(EN: Sartre addresses this same issue as "bad faith" with the distinct perspective that men ought to do what comes naturally rather than posturing. I don't expect it's as questionable as some philosophers propose, but cannot deny it is a form of deception that has the potential to do harm in certain instances.)

The notion of propriety is culturally derived: each society has an idealized conception of the way in which people ought to act. What is considered merely polite in France is regarded as obsequious, submissive, weak, and effeminate in Russia; spending habits that would be considered miserly in Warsaw seem extravagant in Amsterdam. Ultimately it is consensus as to what behavior and what degree is "proper" that defines the values of a culture, and creates the perception of what behavior is acceptable in a manner that impacts the members of that culture as well as the perception of outsiders.

Smith spends quite some time contrasting the values of civilized and barbarous nations - but fails to see the irony of it: the notion that a nation is civilized or barbarous is itself a subjective and arbitrary assessment. He does stumble upon the notion that many such values are required to a given set of circumstances: the member of a primitive tribe must be brutal, because his very survival depends on brutality - and choosing to be gentle and polite in his circumstances would be detrimental to his survival.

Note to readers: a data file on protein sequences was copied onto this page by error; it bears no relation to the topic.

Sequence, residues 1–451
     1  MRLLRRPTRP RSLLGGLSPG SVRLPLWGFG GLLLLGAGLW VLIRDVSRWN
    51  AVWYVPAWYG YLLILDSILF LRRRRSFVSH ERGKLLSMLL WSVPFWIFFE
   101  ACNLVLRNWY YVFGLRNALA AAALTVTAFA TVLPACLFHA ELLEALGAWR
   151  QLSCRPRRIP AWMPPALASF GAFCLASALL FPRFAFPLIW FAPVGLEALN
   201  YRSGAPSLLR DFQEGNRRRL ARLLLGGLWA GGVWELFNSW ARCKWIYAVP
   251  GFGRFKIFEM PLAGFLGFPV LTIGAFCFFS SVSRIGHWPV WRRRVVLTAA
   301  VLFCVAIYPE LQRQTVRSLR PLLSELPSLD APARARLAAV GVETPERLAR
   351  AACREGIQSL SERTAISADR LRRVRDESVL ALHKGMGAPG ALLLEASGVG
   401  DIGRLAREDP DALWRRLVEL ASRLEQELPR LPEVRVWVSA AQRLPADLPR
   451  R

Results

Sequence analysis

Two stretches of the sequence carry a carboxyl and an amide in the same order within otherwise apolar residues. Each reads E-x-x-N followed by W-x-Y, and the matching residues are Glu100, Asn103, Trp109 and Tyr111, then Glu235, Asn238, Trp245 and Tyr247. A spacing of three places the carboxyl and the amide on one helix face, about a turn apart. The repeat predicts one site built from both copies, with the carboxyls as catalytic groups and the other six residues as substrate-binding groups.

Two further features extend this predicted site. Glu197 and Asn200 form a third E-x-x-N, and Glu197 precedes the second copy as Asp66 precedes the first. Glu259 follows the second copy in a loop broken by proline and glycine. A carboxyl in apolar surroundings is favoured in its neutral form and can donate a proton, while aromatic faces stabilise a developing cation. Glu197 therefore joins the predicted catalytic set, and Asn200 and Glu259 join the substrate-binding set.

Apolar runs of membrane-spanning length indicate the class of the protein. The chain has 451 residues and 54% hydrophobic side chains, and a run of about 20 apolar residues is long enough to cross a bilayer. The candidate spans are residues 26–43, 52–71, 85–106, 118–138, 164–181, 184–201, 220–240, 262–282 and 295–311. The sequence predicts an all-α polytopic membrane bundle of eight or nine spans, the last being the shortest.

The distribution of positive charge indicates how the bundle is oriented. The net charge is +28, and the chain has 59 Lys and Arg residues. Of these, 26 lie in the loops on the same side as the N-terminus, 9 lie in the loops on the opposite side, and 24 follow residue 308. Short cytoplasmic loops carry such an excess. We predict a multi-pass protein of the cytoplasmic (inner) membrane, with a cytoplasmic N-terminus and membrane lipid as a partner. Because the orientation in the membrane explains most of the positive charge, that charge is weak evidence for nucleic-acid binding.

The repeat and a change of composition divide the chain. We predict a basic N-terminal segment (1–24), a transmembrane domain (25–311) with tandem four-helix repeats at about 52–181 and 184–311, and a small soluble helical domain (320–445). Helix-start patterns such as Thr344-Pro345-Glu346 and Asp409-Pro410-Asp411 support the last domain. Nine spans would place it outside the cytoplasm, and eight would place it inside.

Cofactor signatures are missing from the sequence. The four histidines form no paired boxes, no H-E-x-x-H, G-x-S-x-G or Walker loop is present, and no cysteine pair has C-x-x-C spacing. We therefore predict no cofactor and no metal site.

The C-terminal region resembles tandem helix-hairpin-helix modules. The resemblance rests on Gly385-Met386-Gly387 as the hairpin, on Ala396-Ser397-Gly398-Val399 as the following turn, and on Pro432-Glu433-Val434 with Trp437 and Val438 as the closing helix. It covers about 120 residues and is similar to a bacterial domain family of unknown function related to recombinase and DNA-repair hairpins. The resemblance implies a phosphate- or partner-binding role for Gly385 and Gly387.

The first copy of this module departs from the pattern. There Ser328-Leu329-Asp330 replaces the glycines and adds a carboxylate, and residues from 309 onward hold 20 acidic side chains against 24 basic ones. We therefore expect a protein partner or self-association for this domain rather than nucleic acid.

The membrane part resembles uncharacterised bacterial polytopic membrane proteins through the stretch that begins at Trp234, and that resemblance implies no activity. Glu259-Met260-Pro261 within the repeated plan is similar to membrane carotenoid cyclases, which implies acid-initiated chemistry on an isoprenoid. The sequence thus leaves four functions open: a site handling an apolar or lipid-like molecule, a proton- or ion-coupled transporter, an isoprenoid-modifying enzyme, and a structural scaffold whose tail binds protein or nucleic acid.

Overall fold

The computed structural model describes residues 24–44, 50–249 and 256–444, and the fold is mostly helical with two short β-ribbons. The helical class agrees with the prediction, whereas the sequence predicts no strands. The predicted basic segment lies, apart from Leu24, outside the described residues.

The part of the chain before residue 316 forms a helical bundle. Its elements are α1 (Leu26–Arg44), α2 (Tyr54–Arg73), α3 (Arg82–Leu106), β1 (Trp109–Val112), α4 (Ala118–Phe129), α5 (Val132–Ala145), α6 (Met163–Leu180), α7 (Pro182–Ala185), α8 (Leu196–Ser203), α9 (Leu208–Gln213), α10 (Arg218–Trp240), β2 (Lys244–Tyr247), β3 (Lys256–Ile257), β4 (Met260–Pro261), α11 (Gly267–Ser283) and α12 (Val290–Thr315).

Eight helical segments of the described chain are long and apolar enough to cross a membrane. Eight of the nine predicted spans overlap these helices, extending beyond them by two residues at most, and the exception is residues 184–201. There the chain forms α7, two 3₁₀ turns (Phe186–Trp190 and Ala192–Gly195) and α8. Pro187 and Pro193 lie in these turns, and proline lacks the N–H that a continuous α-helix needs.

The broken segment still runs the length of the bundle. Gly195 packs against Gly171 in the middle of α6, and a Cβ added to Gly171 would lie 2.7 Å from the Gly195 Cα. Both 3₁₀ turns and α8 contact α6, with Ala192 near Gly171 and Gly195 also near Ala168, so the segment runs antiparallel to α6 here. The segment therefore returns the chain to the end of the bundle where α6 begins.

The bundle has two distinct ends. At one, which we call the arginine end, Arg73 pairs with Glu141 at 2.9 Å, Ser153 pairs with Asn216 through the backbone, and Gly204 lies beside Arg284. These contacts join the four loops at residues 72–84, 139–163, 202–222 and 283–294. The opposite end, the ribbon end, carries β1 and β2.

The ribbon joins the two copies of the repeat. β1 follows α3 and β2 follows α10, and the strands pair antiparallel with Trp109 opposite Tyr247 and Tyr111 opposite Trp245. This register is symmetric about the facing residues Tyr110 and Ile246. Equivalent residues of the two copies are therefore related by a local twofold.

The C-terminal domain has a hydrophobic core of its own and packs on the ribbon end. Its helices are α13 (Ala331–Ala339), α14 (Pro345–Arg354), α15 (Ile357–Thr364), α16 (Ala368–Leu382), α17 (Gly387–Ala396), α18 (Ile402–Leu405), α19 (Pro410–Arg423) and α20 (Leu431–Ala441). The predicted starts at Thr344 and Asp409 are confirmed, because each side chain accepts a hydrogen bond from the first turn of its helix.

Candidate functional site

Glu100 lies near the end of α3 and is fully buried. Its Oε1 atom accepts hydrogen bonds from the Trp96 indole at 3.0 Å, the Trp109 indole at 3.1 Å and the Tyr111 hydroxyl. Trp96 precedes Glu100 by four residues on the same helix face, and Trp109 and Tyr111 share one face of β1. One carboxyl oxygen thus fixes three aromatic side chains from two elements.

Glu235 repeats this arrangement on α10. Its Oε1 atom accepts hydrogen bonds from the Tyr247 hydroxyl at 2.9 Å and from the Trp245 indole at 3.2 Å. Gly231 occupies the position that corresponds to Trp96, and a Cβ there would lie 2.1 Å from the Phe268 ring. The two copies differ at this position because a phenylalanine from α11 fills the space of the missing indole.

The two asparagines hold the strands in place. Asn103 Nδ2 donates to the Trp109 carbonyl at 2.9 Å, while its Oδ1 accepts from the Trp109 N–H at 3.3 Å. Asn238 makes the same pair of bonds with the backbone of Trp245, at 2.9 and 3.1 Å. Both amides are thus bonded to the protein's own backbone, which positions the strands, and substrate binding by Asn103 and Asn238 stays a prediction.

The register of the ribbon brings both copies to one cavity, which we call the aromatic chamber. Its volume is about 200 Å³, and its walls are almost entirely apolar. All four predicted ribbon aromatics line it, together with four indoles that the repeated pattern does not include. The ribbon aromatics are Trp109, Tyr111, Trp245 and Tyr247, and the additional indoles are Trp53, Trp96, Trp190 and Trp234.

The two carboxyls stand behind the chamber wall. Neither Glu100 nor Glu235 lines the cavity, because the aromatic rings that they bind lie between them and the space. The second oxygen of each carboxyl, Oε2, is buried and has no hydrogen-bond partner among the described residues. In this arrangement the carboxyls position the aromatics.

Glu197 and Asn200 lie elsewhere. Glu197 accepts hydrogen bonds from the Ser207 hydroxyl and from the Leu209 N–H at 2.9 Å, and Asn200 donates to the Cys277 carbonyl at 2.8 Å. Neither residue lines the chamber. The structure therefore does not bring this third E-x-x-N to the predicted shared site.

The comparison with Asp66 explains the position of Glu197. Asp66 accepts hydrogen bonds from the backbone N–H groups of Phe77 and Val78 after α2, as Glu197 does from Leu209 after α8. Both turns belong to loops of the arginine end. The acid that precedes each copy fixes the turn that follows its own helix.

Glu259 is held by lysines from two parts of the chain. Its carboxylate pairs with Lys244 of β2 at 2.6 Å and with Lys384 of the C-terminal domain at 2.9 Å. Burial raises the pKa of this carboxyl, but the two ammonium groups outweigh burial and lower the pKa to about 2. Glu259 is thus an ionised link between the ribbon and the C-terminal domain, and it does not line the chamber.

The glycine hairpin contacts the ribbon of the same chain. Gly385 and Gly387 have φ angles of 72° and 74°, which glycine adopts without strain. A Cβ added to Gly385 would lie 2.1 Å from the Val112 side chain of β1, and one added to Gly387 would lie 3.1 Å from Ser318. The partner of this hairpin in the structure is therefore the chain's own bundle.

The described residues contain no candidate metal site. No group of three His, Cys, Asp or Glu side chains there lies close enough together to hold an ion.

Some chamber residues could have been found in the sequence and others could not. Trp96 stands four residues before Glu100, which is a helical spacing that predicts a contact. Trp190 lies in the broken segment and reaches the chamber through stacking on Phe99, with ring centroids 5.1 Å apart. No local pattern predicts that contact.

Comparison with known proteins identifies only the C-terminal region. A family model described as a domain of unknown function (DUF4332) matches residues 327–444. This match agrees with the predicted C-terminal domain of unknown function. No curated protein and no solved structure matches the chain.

Particularly in civilized society, propriety extends beyond functional necessity. The notion that a member of a given procession should comport himself in a given manner is seldom explored - he should do so "just because" and no functional reason can be provided, even those most staunchly maintain the standards of conduct cannot provide a reason why those standards should be upheld.

Smith considers such things to be "the perversion of natural sentiment" but suggests that it is not in most instances very great, and its consequence tends to be inefficiency rather than ineffectiveness. They require individuals to behave in ways that are unnecessary, but not counterproductive. Were it not so, then they would not be able to deliver the value required of their role.